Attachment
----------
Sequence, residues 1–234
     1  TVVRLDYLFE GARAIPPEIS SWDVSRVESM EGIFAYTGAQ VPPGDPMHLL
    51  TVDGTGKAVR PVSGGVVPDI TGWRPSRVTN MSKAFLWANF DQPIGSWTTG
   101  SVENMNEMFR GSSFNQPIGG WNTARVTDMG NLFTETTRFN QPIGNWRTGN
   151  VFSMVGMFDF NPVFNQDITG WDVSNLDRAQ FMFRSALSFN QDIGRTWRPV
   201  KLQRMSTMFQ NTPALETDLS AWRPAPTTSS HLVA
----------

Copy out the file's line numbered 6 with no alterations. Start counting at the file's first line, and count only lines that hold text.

   201  KLQRMSTMFQ NTPALETDLS AWRPAPTTSS HLVA